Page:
“Do it again and I’ll do a subliminal thing,” she teases. “I’ll give you all the wrong answers for your Social Studies exam.”
“Yeah, right.”
“I’ll say them over and over and over and they’ll imprint in your brain. Think how impressed Mrs. S. will be when you write your essay question on how World War I started over a Scrabble game gone bad.”
I grin. “The way you play, that’s almost believable.”
Suddenly, Brittany is there. “Come to the library, Sera,” she says, offering a bright smile. “I’ll show you some reining patterns so you’ll know what to expect in the show.”
This is about the last thing I want to do right now, but the Snow Slide will be here before I know it—just two and a half more weeks! I’m grateful that Brittany has been so nice about helping me. It’s as if just because I said I would do the show, I’m suddenly worth talking to. It’s kind of fun, actually, because Brittany hangs with a more popular crowd at school. It’s not that I want to be one of them, but . . . I don’t know. I can’t really explain it. “Okay.” I turn to Dev. “You want to come?”
Dev opens her mouth to answer, but before she does, Brittany rushes, “She’ll only be bored.” Then she loops her arm in mine, and steers me toward the door.
I look over my shoulder and mouth “sorry” to Dev. She shrugs and waves a hand like she wouldn’t be caught dead hanging out with someone like Brittany. But I think I see something else in her eyes and feel a pang of guilt.


As we walk our horses toward the arena door, I see Brittany watching us, and she doesn’t look happy. Talk about jealous! As usual, her mare flattens her ears at Wager. That mare might benefit from Mom and Dad’s lecture on actions and reactions.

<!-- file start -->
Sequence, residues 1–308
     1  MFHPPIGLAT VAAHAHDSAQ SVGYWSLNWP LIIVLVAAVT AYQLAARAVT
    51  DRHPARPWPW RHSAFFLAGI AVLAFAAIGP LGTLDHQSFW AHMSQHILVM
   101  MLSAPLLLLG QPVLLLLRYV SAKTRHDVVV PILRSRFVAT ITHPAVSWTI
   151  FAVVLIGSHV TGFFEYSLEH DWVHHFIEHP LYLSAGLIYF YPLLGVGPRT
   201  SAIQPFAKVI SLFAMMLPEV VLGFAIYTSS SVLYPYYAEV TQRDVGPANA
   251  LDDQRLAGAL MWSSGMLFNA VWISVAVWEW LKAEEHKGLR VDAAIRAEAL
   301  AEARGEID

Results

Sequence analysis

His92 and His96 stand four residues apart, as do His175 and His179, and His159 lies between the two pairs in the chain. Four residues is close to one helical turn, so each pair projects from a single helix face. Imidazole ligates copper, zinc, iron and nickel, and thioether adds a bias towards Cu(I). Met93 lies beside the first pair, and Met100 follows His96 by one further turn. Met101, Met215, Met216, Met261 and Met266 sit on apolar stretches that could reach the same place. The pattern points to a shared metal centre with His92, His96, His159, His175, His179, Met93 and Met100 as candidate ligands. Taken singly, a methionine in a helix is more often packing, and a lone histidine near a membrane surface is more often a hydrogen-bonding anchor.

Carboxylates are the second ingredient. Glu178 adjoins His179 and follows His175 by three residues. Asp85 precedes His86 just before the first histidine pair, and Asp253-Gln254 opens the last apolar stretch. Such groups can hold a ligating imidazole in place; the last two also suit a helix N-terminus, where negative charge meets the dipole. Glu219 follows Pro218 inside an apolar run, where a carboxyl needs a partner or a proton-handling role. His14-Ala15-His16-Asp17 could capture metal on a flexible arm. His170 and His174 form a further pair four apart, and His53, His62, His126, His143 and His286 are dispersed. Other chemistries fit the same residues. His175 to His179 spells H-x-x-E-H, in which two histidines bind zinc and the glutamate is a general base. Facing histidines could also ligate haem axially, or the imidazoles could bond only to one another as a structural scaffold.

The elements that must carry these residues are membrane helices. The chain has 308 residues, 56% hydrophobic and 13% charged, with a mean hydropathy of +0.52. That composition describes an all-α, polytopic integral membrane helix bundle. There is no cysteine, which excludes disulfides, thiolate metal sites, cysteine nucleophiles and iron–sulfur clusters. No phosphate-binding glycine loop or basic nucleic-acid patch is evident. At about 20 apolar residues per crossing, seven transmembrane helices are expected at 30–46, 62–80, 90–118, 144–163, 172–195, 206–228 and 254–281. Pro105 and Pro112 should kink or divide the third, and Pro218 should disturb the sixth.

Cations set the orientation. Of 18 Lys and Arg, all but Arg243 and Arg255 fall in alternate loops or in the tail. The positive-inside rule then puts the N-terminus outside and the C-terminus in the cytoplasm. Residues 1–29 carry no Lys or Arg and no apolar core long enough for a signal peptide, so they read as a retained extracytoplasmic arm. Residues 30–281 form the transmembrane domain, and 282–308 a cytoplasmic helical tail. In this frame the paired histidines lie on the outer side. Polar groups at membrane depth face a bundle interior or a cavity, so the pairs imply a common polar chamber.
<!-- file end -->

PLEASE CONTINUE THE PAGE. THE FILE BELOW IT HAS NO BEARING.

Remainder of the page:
“Dani,” Brittany calls, “have you seen some of the other things Wager can do?”
“What do you mean?” Dani asks.
“Yeah, what do you mean?” I echo.
“He’s a good looking horse,” she says. “Flashy.”
She looks at me, as if expecting me to say something. Like what? I’m way too surprised.
“Since they’re going to be at the winter show anyway, why don’t they enter a showmanship class?”
Dani cocks her head to the side. “I wonder,” she says. “Sera, what do you think?”
I’ve watched showmanship classes in Calgary. It wouldn’t be like our lesson. Wager would have to be groomed to look like a million bucks—not a problem for my boy—and must respond instantly to my cues to walk, trot or halt. He’d also have to stand still for very long periods of time.
“Honestly? I don’t think he’s patient enough.”
“Well let’s see,” she says. “Go ahead and walk a small circle with him.”
I feel like today’s lesson has been three-in-one! We walk, trot, stop, and start and backup on Dani’s cues. Finally she calls us in. “I think you’ll do fine if you’d like to try it,” she says. “Good idea, Brittany.”